"Valley Kids" show off work in Glenwood
GLENWOOD SPRINGS ” It takes only a passing look into the Glenwood Springs Center for the Arts to get a jolt to the senses. Right now, the place is just bursting at the seams with work.
“We’re going to the ceilings,” said Gayle Mortell, executive director. “From the floor to the ceilings and going up the stairs.”
That’s no lie. Paintings and sculptures and drawings and prints and ceramics seem to be everywhere, everywhere that fits. And until April 6, that’s how it’s going be. For the third year, the center is hosting its biggest exhibit, “Valley Kids.” The long-running art show features the work of hundreds of area students from more than 30 teachers. Mortell went into the history of the show ” about how it started in Aspen about 25 years ago, about how glad she was to take it on. As she talked on about the color and creativity of the work, she sounded excited, inspired even. But still, it was all coming from an adult. What does the exhibit mean to the children themselves?
Flash to Carbondale Middle School, a few days ago. There, in Ami Maes’ art classes, dozens of students featured in the show were gluing and painting, screaming and giggling as they did. Interestingly enough, when asked about their work, their answers were strikingly similar. Already, they knew ” the point is expressing themselves.
“It feels good, seeing that it’s never really been on display before,” said Kerwin Hirro, 11, of his work. The sixth-grader’s long-dark hair was falling in his eyes, and he was yelling out jokes at his friends. He mentioned the buzz word of the classroom.
“I just like the fact that I can express myself any way I want,” he said.
Nearby, Kimberly Vega, 11, also in sixth grade, was putting the finishing touches on her collage, popping pink and flowered.
“I get to, like, express myself in the things I like and stuff,” she said. “I think it’s pretty fun because I get to put whatever I want on there (her work). It doesn’t need to be what other people tell you to put on there.”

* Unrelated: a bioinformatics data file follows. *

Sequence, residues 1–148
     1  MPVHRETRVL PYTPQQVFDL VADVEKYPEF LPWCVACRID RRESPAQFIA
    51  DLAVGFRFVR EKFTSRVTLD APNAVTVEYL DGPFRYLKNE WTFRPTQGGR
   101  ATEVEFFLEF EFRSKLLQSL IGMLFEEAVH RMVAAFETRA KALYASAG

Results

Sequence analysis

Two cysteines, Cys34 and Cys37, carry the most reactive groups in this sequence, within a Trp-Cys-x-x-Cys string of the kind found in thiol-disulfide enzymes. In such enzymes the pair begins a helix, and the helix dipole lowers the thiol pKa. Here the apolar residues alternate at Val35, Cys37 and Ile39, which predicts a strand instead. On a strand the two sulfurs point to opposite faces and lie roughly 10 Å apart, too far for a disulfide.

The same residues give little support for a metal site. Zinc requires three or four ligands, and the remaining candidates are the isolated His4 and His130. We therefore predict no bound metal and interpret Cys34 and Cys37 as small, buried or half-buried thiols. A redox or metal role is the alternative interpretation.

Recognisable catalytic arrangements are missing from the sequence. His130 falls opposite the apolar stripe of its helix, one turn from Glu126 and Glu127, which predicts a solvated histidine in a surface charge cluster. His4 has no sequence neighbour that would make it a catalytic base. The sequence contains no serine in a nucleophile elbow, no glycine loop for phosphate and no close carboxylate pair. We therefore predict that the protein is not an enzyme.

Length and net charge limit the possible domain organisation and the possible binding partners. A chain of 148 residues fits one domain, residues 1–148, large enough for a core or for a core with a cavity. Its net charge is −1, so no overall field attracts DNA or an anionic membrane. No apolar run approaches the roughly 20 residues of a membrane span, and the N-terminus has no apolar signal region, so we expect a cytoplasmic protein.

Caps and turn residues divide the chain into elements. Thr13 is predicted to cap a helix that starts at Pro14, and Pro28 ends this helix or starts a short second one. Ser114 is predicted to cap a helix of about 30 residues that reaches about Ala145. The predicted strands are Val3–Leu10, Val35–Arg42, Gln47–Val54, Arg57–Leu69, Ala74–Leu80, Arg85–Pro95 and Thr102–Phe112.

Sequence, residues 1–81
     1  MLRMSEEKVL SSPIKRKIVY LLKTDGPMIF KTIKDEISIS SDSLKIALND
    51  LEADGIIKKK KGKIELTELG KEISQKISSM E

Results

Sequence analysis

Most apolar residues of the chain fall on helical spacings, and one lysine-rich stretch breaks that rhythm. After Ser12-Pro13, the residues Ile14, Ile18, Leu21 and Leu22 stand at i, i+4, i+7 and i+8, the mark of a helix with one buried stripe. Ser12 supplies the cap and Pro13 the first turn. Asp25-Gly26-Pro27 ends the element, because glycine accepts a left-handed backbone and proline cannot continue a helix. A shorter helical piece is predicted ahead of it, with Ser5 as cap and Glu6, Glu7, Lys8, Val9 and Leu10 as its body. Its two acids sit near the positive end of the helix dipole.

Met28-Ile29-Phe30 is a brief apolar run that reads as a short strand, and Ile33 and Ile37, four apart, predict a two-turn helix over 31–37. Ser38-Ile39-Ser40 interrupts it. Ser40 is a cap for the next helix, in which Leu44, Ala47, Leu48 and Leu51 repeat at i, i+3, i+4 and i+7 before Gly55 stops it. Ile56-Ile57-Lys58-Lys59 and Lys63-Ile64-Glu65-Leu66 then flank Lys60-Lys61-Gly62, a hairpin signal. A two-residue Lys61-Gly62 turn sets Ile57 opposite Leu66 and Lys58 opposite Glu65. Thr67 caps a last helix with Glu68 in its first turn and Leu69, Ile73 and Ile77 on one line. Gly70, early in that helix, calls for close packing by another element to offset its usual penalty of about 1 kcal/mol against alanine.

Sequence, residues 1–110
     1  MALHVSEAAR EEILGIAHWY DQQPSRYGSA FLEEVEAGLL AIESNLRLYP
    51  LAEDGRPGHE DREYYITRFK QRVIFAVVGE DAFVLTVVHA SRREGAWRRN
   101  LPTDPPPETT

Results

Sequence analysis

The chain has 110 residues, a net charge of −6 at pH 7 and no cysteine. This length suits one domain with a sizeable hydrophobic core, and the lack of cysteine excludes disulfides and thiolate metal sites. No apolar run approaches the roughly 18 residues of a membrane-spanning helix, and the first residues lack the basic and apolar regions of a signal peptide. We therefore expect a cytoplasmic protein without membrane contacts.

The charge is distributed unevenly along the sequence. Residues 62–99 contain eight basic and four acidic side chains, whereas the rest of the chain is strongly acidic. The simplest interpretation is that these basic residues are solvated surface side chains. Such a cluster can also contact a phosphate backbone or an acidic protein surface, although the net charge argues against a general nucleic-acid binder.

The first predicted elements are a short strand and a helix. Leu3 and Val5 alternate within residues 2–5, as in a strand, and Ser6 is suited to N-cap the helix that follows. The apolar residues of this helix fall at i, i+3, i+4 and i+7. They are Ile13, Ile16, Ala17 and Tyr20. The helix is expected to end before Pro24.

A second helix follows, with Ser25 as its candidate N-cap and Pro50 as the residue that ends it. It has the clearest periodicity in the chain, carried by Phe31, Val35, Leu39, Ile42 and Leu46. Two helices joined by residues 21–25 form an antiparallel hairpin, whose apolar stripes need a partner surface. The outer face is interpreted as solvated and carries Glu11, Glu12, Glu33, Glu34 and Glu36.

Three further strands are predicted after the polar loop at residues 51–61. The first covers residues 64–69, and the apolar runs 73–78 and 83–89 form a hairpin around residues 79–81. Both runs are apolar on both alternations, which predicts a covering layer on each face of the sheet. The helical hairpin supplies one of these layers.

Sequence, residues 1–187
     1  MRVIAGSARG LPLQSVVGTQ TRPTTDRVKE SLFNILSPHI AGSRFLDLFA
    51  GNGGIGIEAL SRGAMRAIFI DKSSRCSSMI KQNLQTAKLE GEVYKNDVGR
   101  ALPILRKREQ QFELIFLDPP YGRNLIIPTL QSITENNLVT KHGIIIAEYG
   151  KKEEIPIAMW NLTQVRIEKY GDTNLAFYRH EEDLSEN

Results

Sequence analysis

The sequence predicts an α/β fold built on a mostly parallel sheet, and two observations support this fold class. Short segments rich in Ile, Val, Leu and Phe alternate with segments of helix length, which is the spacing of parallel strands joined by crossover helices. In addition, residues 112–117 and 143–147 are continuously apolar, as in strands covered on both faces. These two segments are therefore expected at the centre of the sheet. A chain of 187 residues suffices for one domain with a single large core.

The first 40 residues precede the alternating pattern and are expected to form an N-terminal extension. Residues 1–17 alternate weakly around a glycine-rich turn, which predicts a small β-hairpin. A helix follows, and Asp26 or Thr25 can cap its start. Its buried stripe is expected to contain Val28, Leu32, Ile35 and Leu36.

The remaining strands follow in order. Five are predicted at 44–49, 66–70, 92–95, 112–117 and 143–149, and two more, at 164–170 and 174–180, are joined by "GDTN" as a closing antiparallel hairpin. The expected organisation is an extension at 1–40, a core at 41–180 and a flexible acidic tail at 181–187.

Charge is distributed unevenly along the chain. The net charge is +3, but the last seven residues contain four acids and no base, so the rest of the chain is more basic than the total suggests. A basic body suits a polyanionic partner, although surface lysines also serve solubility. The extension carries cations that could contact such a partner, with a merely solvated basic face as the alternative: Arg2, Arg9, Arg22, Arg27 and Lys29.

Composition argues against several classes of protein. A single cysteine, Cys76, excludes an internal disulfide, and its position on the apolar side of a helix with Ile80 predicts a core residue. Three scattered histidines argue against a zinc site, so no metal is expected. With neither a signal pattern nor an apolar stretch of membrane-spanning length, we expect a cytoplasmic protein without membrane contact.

And it kept going like that, from student to student. Though each one was obviously unique, their desire to be heard through their art felt the same. While it might be simplistic to make such a leap, the room did feel like a microcosm of the whole show.
Maes, 31, was helping and watching the scene unfold. She explained that, as a valley local, “Valley Kids” has always been close to her heart. While some might not see the need for a children’s exhibit, she more than gets it. For them, and for her, this show is special.
“It’s just really important for the kids to have a real world experience,” she said. “This is kind of the time in their life where everyone’s in art.”
She then offered several more words, articulate ones about art and youth and culture, but there are only so many that can be used here. And, according to one of her students, when it comes to art, maybe words don’t always do the trick, anyway.
“Sometimes, like painting and drawing and stuff is, like, more important than, like, talking,” said eight-grader Will Tempest, a low key kid. He has a collage, print and drawing in the exhibit.
“Sometimes when you talk, people don’t listen to you,” he went on. “I think sometimes, people rely more on their eyes than their ears.”
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Grace Wesseling is an animal lover, a cheerleader of seven years and another soon-to-be graduate of Bridges High School, class of 2021.